Nowhere is this illustrated better than in the Talmudic story of Rabbi Yochanan ben Zakkai and his student, Rabbi Elazar. Rabbi Yochanan was a brilliant rabbi who was thought to have been healthy, robust, and extraordinarily good looking.
One day, Rabbi Elazar, his student got sick, and Rabbi Yochanan went to visit him, to fulfill the mitzvah of bikkur holim. He saw that Rabbi Elazar was lying in a darkened room (either a literal dark room or perhaps a description of his emotional and psychological state). Rabbi Yohanan uncovered his own arm and light came forth from the radiance of his beautiful skin. Rabbi Elazar began to cry.
Seeing that Rabbi Elazar was crying, Rabbi Yochanan asked him: "Why are you crying? If it is because you did not learn as much Torah as you would have liked to in your lifetime - remember we have learned: It makes no difference whether one does much or little, as long as his intention is to serve God. And if you're crying because you were not so prosperous in your lifetime--not every man is fortunate enough to acquire both wealth and learning (implying that, of course Rabbi Elazar had acquired learning). And if you're crying because you never had children--well, I've lost ten children!"
Clearly, not the right thing to say during a bikkur holim visit. Rabbi Yohanan is trying quite unsuccessfully to help his student. He does try to cheer him up, alluding to Rabbi Elazar's piety and learning, but is it any wonder this does not work? He speaks of Rabbi Elazar's lifetime as if it is ending, implying that perhaps Rabbi Elazar is going to die. And then he tries "Whatever is happening to you - I have it worse." What patient that you know wants to hear that he is dying? And, what person suffering wants to hear his or her visitor playing a game of one upping each other?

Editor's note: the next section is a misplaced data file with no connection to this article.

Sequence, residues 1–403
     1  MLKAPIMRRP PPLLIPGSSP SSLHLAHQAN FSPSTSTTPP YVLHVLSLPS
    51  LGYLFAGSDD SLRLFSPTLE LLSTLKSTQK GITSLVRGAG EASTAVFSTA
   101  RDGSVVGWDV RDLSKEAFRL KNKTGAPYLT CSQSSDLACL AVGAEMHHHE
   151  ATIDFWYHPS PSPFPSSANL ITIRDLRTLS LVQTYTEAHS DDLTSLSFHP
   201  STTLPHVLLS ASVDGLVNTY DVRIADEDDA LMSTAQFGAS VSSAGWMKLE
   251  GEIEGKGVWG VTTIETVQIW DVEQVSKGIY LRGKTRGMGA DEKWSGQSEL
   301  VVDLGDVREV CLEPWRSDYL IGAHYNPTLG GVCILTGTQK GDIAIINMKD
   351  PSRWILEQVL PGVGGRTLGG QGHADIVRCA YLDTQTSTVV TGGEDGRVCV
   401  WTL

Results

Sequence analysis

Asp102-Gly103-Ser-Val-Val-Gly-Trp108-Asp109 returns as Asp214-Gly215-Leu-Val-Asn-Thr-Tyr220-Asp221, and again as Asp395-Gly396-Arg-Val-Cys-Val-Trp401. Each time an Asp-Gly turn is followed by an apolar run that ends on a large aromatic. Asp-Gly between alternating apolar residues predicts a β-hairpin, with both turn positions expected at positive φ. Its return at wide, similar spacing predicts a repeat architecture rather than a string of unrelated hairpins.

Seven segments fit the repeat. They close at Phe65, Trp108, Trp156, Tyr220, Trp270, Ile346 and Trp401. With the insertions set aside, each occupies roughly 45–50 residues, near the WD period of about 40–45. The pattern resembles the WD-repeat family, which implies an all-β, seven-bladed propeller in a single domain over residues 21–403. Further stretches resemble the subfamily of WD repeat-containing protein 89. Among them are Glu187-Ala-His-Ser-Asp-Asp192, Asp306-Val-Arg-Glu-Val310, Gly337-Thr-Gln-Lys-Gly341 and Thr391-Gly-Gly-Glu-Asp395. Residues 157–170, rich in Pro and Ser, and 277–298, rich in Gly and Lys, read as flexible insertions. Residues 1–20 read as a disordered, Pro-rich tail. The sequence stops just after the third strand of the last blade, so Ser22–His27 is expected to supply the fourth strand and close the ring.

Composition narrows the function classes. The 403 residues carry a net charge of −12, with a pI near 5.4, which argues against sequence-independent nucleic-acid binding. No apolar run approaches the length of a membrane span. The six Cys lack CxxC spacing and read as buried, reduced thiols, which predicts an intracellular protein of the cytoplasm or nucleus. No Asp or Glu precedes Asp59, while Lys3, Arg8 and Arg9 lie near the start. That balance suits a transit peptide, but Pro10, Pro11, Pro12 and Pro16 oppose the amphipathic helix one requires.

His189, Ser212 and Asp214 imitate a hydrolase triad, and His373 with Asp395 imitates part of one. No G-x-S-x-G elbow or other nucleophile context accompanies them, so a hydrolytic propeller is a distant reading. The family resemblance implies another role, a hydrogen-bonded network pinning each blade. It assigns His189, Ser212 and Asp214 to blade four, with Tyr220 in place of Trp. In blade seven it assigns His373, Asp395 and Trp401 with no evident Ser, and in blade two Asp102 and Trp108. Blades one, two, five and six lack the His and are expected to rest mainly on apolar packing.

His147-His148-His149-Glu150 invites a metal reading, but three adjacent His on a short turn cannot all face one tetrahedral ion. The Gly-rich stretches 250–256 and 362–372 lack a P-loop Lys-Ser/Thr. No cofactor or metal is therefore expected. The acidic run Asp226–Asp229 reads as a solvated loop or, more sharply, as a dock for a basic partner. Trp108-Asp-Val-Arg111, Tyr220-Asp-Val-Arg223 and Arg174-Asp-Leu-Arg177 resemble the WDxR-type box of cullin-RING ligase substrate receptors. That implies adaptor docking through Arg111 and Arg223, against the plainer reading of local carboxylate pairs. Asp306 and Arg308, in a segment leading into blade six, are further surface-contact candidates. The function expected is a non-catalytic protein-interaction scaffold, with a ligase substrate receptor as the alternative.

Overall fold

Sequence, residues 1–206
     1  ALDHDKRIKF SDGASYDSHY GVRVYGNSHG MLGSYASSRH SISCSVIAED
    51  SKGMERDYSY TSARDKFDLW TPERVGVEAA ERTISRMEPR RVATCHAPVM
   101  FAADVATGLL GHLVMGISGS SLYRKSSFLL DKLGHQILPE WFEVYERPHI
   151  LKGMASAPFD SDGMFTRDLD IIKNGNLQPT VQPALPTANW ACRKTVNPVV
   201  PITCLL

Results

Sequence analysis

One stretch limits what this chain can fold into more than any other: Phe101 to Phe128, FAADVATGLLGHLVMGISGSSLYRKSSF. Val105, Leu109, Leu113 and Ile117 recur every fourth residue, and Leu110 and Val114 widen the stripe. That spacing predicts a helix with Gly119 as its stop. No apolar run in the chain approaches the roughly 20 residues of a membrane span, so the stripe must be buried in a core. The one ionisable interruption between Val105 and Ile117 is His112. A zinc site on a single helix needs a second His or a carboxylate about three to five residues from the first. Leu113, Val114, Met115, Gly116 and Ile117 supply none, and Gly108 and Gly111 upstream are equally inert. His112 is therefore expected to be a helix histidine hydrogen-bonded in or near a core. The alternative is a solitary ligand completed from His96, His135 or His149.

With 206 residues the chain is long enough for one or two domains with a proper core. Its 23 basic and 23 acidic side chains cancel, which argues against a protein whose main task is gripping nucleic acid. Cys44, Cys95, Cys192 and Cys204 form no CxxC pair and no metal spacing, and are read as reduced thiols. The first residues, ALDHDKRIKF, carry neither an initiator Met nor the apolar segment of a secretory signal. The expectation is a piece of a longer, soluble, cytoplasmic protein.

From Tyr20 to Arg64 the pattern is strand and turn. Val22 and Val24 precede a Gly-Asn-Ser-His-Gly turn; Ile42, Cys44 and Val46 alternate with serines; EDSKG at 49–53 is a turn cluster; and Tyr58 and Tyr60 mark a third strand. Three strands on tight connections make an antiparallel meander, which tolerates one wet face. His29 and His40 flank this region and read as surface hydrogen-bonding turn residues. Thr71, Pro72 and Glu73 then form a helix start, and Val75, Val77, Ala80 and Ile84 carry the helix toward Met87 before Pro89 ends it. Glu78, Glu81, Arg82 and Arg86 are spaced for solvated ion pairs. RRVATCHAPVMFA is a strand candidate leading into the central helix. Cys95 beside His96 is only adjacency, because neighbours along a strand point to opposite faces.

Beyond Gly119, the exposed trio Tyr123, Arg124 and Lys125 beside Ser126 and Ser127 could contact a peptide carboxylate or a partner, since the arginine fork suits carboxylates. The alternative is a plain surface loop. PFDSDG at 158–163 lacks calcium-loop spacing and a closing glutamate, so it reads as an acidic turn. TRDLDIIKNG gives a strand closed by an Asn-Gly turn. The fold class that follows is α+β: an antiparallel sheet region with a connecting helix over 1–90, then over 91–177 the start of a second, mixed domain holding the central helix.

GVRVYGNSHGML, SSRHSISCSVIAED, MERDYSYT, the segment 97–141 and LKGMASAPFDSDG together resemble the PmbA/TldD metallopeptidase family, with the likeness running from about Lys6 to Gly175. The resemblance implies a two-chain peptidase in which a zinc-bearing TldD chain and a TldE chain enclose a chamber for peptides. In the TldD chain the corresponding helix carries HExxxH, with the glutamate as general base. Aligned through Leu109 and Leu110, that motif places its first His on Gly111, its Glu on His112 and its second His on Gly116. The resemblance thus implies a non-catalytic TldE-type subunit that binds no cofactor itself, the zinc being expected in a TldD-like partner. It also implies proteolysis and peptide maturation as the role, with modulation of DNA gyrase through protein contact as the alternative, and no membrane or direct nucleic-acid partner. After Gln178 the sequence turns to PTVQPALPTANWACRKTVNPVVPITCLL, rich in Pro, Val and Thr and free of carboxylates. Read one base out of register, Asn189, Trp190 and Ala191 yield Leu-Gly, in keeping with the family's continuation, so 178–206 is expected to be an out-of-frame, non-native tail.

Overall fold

As well-intended as Rabbi Yochanan might have been, he is clearly NOT bringing comfort or healing to his student. He's trying so hard to say the right thing that he doesn't even realize what Rabbi Elazar really needs from him. And so Rabbi Elazar answers his teacher. "You want to know why I'm crying? I'm crying for the beauty of your arm, your healthy, attractive body, which one day will decay in the ground."
And Rabbi Yohanan replies, "Well, that's something to cry about..." And the two of them cry together.
Then Rabbi Yohanan says to his student: "Give me your hand." And, it is with this that Rabbi Elazar is healed.
The lesson of this story is so powerful and so very important: bikkur holim is not about words of wisdom. The mitzvah of bikkur holim is complete when the experiences of the visitor and the patient are ultimately joined together. Only when Rabbi Yochanan is able to recognize his own mortality is he really able to empathize with Rabbi Elazar and bring him healing. At that moment, Rabbi Yochanan recognizes that Rabbi Elazar is not just a body on the bed, but that they are both mortal beings whose humanity leaves them vulnerable, frail, and together. And, through touch they communicate their shared experience and shared suffering.
Next time someone you love (or even someone you just know from in the community) is sick, reach out and touch them - hold their hand. Let them feel your warm presence, your sheltering embrace, cry with them. God visits the sick, so we should too!